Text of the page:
Iatrogenic Takotsubo Cardiomyopathy Secondary to Norepinephrine by Continuous Infusion for Shock
KeywordsShock, Takotsubo cardiomyopathy, adrenal insufficiency, norepinephrine, vasoconstrictor agents, vasoactive agents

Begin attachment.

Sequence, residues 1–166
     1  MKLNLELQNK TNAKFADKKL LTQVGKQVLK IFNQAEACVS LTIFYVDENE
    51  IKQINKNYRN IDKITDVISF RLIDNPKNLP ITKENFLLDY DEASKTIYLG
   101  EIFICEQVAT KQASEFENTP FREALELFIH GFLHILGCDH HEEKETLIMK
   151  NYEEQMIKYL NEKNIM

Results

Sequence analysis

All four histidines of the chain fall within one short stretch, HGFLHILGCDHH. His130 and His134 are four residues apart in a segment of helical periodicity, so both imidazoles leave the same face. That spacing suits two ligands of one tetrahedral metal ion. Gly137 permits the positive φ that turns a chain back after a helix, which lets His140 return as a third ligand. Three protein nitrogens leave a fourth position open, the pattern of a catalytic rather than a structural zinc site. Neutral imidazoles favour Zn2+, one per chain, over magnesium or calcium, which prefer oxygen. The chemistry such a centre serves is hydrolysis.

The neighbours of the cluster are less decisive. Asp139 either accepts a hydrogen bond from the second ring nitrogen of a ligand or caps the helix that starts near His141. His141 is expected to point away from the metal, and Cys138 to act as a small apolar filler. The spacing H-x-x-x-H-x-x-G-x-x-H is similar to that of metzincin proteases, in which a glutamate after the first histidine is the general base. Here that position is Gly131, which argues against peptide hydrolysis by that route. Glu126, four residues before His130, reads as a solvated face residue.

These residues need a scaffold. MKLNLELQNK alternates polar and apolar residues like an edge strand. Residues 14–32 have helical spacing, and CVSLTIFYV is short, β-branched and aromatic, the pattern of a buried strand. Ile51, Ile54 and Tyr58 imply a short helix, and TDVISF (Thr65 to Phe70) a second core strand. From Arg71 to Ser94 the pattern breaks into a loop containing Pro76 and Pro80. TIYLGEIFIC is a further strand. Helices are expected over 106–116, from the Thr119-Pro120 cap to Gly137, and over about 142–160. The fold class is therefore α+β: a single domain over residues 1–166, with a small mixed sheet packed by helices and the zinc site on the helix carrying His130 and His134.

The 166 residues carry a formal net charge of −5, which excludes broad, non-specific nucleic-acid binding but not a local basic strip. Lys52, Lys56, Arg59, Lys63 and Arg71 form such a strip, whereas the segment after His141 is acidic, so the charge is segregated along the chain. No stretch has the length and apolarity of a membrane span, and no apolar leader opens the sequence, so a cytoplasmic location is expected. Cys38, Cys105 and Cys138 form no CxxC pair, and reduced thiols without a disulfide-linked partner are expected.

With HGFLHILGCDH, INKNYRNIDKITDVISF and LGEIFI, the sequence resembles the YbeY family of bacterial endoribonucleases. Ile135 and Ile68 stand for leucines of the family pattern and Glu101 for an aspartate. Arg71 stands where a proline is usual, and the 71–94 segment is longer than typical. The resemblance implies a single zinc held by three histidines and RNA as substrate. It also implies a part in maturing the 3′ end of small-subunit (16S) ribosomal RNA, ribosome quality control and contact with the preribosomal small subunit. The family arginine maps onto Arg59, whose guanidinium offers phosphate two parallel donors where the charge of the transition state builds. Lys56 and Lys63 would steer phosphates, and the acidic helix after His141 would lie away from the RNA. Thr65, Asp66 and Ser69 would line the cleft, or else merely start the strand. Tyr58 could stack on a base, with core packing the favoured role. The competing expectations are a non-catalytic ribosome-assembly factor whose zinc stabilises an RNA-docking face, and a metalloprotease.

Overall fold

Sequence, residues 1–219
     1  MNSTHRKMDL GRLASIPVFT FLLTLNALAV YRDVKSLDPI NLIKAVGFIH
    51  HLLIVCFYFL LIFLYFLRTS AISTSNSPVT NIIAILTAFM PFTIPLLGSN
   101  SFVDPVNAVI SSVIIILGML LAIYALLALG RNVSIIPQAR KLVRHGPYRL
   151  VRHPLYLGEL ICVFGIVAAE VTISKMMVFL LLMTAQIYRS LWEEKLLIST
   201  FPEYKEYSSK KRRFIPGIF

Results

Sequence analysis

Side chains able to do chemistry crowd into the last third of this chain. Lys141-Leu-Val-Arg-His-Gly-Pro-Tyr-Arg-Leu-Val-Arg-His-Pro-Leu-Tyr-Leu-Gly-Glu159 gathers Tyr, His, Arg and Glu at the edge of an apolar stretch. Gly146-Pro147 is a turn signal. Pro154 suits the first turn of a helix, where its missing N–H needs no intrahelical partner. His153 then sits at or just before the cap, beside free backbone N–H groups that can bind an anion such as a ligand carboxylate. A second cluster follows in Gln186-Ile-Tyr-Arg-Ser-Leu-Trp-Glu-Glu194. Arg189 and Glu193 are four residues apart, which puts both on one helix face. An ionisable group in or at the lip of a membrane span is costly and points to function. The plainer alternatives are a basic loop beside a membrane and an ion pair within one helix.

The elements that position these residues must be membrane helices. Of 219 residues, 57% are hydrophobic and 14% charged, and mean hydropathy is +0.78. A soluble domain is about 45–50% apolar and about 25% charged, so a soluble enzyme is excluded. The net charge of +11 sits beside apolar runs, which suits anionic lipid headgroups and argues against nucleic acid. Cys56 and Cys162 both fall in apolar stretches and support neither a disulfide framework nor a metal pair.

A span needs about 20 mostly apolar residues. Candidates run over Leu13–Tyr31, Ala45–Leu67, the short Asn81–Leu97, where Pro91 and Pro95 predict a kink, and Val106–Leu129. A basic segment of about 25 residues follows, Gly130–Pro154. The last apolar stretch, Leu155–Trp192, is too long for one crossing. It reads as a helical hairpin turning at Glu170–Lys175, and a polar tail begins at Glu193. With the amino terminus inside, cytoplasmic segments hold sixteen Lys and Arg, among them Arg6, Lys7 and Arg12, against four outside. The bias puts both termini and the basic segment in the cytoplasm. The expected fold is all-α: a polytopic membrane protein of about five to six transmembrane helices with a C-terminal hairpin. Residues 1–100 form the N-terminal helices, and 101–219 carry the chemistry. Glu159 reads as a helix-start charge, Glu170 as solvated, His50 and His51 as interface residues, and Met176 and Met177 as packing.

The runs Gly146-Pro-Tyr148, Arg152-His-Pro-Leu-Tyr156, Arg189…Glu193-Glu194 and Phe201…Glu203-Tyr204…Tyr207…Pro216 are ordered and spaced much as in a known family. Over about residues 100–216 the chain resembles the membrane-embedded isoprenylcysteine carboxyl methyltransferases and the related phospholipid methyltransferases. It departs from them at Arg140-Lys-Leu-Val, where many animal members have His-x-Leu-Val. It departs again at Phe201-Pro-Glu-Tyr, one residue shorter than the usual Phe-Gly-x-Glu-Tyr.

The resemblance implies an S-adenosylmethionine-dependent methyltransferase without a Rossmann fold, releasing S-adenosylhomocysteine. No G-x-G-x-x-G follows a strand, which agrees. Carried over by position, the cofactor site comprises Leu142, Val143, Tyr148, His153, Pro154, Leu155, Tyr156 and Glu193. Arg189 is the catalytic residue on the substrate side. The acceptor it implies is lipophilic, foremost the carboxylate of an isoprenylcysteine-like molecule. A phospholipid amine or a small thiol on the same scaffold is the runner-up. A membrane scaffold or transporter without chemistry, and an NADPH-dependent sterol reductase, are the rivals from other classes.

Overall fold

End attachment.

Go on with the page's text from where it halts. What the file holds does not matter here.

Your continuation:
Takotsubo cardiomyopathy is a condition characterized by transient left ventricular systolic and diastolic dysfunction, with a possible direct causal role of catecholamine in its pathophysiology. We present a case of a woman with shock and adrenal insufficiency in whom Takotsubo cardiomyopathy developed after treatment with norepinephrine. This case confirms the direct causal role of catecholamine in the pathophysiology of Takotsubo cardiomyopathy. An 82-year-old woman presented with asthenia, anorexia, nausea and abdominal pain. The patient had been on chronic corticosteroid therapy until 3 months before, when she underwent abdominal surgery and corticosteroids were stopped. She now presented with acute kidney injury, hyponatremia and hyperkalemia and shock. A norepinephrine continuous infusion was administered to maintain a mean arterial pressure over 65 mmHg. An echocardiogram showed severe hypokinesis in the apical segments and hyperdynamic basal segments, with an ejection fraction of 25%. Plasma cortisol level was 4.5 µg/dL (reference range 5-25). Corticosteroid therapy was begun and norepinephrine was tapered and stopped. A new echocardiogram showed normalization of cardiac wall motion and an ejection fraction of 70%. This case highlights the importance of the correction of the cause of shock, as well as the risks associated with the use of norepinephrine if hypotension is severe or if it persists despite fluid administration, as usually recommended. It also confirms the direct causal role of catecholamine in the pathophysiology of Takotsubo cardiomyopathy. To the best of our knowledge, this is the first report of stress-induced cardiomyopathy secondary to norepinephrine by continuous infusion for shock.
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